Hello again, world! We are going to continue building the web app from the previous post. This time, we will be talking about templates, HTML and Bootstrap.
In part 1 we built a local web app which has two routes that show some plain text - nothing interesting. Now we are going to implement HTML templates and beautify them with Bootstrap.
Part I → Create and host your first web app with Python and Flask - Part 1
Part II → Create and host your first web app with Python and Flask - Part 2
First of all, what is HTML? According to MDN web docs:
HTML (HyperText Markup Language) is the most basic building block of the Web. It defines the meaning and structure of web content.
.py files, in order to separate logic and presentation. Handling
.html files separately is essential to scalability.
Side note: in technical terms, the
.pyfiles that handle logic and are not accessible to the user are called backend, and the presentation files (namely
.jsfiles) are called frontend.
Let’s create a folder named
templates inside our
app folder. It is important that you use the name
templates since Flask is looking for that folder name by default. After that, let’s create a file called
home.html. It can have any name you like, but we need the
home.html we will write some stuff to make it look better than plain text. If you want, you can download an extension called “HTML Boilerplate” which will help us build the basic structure of our file.
If you decide to install it, just type html inside the file and select the “html boilerplate” from the list. If you don’t want to install it, you can just copy the code below.
If you are not too familiar with HTML, let’s start with a simpler structure and a bunch of elements to explore:
<body> element represents the content of an HTML document and so there can be only one
<body> in the document. Basically we put everything inside there. You can explore the rest of the elements browsing the linked MDN page.
Now, we need to tell our Python code to look for that html file and show it when the user accesses a certain route. Let’s take a look at our
routes.py file. We should have something like this inside it:
Let’s modify it and leave it like this:
We are adding two lines and modifying one. Remember to save your file (CTRL+S or CMD+S)
from flask import render_templateis saying that we need to import the function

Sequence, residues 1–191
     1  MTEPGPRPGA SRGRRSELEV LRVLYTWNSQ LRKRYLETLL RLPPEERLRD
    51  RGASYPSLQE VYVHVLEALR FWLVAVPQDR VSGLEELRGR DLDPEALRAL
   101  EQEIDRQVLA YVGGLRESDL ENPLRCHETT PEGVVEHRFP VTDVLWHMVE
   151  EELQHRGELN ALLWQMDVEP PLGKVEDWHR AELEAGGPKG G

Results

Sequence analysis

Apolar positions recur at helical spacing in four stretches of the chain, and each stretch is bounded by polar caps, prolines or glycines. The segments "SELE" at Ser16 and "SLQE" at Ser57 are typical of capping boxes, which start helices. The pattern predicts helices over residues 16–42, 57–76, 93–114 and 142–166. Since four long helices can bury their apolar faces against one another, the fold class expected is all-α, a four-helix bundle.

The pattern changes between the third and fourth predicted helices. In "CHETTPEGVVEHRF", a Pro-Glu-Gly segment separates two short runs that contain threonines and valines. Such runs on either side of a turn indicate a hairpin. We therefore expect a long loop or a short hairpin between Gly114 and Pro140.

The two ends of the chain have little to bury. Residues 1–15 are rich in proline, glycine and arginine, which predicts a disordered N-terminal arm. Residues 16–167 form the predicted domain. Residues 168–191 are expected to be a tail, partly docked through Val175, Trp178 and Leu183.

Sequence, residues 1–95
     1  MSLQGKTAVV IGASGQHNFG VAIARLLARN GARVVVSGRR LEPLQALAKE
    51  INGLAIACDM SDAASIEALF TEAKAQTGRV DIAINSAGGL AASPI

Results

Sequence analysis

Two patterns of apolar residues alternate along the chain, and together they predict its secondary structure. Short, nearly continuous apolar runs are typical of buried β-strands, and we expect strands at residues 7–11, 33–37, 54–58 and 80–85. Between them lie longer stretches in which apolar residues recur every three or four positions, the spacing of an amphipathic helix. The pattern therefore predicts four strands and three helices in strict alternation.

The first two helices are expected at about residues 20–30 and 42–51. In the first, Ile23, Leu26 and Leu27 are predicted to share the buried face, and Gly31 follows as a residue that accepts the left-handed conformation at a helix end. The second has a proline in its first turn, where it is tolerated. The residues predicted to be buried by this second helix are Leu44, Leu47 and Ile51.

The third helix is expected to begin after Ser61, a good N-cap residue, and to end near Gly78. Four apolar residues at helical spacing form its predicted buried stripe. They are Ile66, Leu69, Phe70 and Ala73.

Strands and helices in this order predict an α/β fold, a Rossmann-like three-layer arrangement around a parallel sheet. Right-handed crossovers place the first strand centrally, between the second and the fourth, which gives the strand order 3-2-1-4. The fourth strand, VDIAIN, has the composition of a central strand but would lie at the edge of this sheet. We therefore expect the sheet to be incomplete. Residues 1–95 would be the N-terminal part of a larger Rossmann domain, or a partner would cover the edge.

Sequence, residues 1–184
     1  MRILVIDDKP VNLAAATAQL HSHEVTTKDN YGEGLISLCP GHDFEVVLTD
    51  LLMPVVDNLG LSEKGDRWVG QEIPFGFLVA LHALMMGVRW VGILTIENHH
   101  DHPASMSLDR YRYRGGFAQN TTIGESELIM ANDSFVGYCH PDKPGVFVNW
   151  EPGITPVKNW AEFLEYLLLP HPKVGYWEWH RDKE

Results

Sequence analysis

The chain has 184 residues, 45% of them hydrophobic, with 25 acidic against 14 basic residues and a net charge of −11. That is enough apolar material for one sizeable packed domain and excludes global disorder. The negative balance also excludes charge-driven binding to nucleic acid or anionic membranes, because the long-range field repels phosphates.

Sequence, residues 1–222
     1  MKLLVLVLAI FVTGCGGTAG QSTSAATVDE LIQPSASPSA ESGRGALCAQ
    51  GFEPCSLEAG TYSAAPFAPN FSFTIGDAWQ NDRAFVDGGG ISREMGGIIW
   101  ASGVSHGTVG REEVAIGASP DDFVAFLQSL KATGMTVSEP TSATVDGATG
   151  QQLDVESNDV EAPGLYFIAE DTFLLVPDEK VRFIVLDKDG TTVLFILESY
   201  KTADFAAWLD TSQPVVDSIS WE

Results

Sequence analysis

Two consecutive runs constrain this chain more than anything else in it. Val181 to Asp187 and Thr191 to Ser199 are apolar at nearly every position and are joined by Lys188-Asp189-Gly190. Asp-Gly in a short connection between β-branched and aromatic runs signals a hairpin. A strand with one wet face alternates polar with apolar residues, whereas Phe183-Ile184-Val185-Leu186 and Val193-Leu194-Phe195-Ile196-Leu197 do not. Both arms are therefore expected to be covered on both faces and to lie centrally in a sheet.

render_templatefrom the flask library.
- By adding
@app.route("/")we are telling the app that both
/routes will do the same.
return render_template("home.html")instead of
return "My first app is running!"forces the app to return our recently created html file instead of some boring plain text. Let’s test it! Remember how? Go to a terminal and type
flask --app my_first_app run
You should now see something like this:
Excellent! Now, for the last part, we are going to beautify it a bit using Bootstrap. You can head directly to the quick start to take a look at its documentation. According to their instructions, we are going to copy and paste a couple of lines into our
We pasted one line inside
<head> and one inside
<body>. Let’s restart our app (CTRL+C in the console and run it again) and we should be able to see something like this:
Do you notice any differences? Take a look at the space between the left border of the page and the text. Also, take a look at the font. Bootstrap is changing some things for us, so we don’t have to deal with the styling. Before closing this article, let’s change some of our code and discuss a bit about Bootstrap:
class="text-center" inside our div element. This should have happened:
The “bold text” should have moved to the center just by adding that small piece of code. According to W3Schools we use Bootstrap because it’s easy to use, it has responsive features, and it’s compatible with several browsers. Bootstrap has predefined classes to help us style and move elements around without the need to write .css files ourselves (I mean, we can still do it, but we can speed up the frontend process by a lot).
Now that you have created your first HTML template, you can create more files and explore Bootstrap classes. You can also take a look at Bootstrap’s examples and see what they do to build those HTML files. If you don’t want to style your HTML files yet, don’t worry, we can continue building a web app and add Bootstrap at the end of the development.